HPV enters the host through a small abrasion in the tongue's integral epithelium.13 It then initiates its productive cycle infecting poorly differentiated cells of the epithelium's basal layers, where transcription of genes begins.12

When infected cells differentiate and migrate from the basal layer into the epithelium's spinous layer (immunological permissibility), viral replication is stimulated producing thus virion accumulation within the nucleus and the assembly of the capsid in the cytoplasm. There are at least two cycles for viral replication: a) lytic infection and b) lysogenic infection.

In cases of lytic infection, the virus arrives into the para-basal cells with replication ability, it penetrates the cytoplasm and later the nucleus. Once within the nucleus, it replicates in the episomal area, without integrating into the cellular genome, producing thus approximately 20 viral copies. These complete viral particles cause cell death and remain thus free and in proximity to epithelial surfaces.

In cases of lysogenic infection cell genome is directly affected. This is the case of the high risk HPV (16 and 18). After reaching cell nucleus, the virus integrates into the host's cell genome, mainly segments E6 and E7. In this case, virus replication assumes a latency stage until the host cell replicates its own DNA as well as DNA of integrated viruses. Viral DNA segments are transcriptionally active after cell division; this guarantees their propagation13 Unlike lytic infection cases, this type of infection is observed in cells experiencing malignant growth.

Gene expression of different HPV types is strictly and specifically regulated through transcription factors such a AP-1, keratinocyte specific factor, NF-1CTF, CEFI, CEFII and TEFI as well as some hormonal origin factors.

In both types of infection, E1 and E2 proteins initiate their expression in an ascending direction (supraregulation), activating thus DNA transcription as well as basal cells’ controlled expression.12

E6 and E7 HPV genes are directly related to cell malignant transformation through oncoproteins E6 and E7. These proteins are able to form compounds with cellular gene products which regulate cellular cycle, among which p53 and Rb can be found. Oncoprotein E6 creates a compound with p53 protein, whereas E7 creates a compound with Rb protein.

Rb protein regulates the passage from G1 to S Oncoprotein E7 sequesters Rb preventing it from regulating cell proliferation proteins, this forces the cellular cycle to remain in synthesis phase.13 These two events: viral gene integration to cell genome and blocking of normal function of tumor suppressor genes p53 and Rb are associated to cellular transformation of cells infected with high oncogenic potential viruses (16 and 18). Progressive changes experienced by keratocytes modify the microenvironment and alter the epithelium's balance though cellular proliferation stimuli guided by secretion of alpha and beta epidermal growth factors.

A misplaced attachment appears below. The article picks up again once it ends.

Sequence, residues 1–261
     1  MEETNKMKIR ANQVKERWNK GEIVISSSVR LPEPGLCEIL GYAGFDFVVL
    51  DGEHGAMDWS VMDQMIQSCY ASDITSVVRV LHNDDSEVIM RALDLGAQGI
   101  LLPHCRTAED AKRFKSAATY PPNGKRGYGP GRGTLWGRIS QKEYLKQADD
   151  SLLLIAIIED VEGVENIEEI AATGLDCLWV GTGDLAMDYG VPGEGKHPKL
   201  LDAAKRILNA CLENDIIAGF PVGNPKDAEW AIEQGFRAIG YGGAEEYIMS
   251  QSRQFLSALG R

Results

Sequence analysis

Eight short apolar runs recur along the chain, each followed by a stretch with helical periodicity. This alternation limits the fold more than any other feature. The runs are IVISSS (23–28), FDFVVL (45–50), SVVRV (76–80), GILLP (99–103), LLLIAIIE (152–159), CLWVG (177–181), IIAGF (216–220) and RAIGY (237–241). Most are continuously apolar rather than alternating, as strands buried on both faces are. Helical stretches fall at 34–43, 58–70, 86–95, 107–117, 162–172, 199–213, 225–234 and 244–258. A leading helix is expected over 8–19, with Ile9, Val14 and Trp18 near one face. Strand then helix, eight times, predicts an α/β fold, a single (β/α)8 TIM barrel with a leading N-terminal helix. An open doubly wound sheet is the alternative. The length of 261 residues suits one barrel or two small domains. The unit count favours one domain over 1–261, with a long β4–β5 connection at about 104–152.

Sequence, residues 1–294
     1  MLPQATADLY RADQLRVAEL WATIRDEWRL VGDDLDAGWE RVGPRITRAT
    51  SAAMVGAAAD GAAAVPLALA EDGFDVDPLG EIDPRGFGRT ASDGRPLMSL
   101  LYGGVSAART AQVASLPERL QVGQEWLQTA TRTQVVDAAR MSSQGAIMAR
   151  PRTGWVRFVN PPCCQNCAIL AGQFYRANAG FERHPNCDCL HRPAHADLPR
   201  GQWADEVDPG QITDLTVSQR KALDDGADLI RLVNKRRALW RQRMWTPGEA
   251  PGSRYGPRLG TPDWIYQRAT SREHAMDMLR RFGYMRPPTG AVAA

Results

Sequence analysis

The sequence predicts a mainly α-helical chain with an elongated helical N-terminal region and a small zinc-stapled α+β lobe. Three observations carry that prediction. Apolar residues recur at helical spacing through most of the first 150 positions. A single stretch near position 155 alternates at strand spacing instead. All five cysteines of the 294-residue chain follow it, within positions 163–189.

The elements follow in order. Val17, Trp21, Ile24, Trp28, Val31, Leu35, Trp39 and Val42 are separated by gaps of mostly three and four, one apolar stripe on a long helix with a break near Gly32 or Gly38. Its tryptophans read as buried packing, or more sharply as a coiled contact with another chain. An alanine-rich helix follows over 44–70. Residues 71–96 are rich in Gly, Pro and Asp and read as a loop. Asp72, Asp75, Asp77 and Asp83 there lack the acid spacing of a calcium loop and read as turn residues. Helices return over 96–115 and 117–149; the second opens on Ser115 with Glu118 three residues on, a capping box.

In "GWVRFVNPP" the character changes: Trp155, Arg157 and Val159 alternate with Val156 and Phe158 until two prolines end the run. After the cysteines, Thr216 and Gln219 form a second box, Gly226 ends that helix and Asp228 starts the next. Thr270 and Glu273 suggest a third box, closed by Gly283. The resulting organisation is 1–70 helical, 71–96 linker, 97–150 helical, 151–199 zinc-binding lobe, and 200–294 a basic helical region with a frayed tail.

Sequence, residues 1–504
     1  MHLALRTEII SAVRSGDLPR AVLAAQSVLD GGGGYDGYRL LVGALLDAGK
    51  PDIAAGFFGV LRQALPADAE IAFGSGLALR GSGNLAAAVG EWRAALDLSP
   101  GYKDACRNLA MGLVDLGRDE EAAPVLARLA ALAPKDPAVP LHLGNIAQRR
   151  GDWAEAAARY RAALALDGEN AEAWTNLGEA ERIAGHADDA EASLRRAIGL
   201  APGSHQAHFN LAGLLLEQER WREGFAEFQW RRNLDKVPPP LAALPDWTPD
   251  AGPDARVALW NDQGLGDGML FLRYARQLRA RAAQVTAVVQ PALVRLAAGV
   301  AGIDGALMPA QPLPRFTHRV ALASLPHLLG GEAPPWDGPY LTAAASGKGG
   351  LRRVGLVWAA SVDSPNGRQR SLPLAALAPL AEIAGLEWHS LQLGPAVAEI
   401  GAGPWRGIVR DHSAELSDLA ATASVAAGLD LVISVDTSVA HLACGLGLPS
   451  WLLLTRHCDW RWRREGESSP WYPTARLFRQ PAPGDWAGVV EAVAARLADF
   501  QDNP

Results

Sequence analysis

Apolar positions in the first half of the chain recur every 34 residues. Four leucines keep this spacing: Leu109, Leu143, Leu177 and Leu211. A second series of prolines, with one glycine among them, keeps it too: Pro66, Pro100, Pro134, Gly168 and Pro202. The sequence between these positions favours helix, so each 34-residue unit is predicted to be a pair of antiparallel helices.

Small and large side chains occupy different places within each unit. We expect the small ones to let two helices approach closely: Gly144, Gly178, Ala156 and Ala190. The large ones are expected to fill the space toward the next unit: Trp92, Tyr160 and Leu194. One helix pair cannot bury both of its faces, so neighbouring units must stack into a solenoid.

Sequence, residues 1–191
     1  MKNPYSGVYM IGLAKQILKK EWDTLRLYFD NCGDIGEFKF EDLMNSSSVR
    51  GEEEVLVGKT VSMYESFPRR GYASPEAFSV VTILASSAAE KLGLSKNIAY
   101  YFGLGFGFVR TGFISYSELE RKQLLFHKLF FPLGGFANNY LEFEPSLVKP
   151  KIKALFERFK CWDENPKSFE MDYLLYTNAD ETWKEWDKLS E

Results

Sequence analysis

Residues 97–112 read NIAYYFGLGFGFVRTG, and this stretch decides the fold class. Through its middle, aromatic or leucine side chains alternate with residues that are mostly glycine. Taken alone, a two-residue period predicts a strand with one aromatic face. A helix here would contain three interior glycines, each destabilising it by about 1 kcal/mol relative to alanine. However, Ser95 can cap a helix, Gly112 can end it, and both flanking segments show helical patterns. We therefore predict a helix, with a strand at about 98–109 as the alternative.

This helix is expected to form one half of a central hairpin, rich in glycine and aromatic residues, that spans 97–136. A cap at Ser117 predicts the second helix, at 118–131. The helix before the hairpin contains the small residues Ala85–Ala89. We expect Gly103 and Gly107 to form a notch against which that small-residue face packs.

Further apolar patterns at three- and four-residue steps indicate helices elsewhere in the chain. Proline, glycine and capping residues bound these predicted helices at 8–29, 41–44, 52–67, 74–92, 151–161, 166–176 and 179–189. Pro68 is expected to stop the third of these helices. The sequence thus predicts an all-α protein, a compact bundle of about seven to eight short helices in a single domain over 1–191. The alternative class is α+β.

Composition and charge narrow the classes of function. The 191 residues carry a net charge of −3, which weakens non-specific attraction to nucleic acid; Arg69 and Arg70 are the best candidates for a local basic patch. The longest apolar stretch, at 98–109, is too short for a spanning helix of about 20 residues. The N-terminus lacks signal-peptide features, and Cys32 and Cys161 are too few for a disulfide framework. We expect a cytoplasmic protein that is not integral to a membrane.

Proteins E2, E3, E4, E5, E6 and E7 induce loss of gene protein control (episomal DNA at the nucleus center) while E6 and E7 replicate viral DNA. L1 and L2 assemble the virus and place themselves in mature squamous cells to later slough off (over 1,000 copies per cell).

In benign lesions, such as tongue papilloma, proliferation of episomal DNA particles promotes abnormal epithelium growth, increasing thus gene errors of the cells (gastogenesis).

E6 and E7 promote virus proliferation and immortalization. When the virus possesses oncogenic potential it causes malignization, when it doesn’t, a benign lesion is developed which can self-limit in a two year period. This mechanism is mainly induced by loss of DNA telomeres, which inhibits apoptosis, increases number of infected cells and decreases p53 and Rb acetylation and phosphorylation. Moreover, angiogenic factors expression is promoted. Such is the case of the vascular growth factor which disorganizes cell cytoskeleton and extracellular matrix affecting regulation factors which take part of the health of these structures.12

HPV infection causes important changes in cell morphology. For instance, peri-nuclear vacuoles formation is observed, enlarged, irregular and hyperchromatic nuclei as well as bi-nucleation. Cell which have suffered these changes are called koylocytes and are considered the «fingerprint» of the virus.

Condyloma is the most common morphologic manifestation of HPV infection (condyloma acuminatum).14


The patient was a 21 year old single female. She did not work outside her house, was born and residing in the Estado de Mexico (State of Mexico). Her blood type was O, Rh positive. As part of her family history she reported her father as carrying multiple sclerosis and a sister afflicted with rheumatoid arthritis. The patient denied any drug addiction. She was afflicted with multiple juvenile breast fibroadenoma in the left breast, which were surgically treated. She initiated menarche at 15, with menstrual rhythm 28 × 3. Sexual activity began at 17. She reported one sexually active partner, denied practice of oral-genital sex. She experienced pregnancy and was delivered of a 3.1 kg live child.

One year before she had been subjected to cytology and colposcopy studies in the lower genital tract, in addition to breast check-up. Results proved negative for cancer and HPV. Family planning method used by the patient was intrauterine device.

The patient sought consultation for the first time in April 2014, complaining of ventral glossodynia with a three month evolution. After this, she experienced a feeling of foreign body and bulging in the soft tissue, with progressive centrifuge growth until formation of a lentil-shaped tumor which bled when contacting the hard palate and during mastication. She attended a doctor's office where she received non-specified systemic treatment which did not elicit satisfactory results.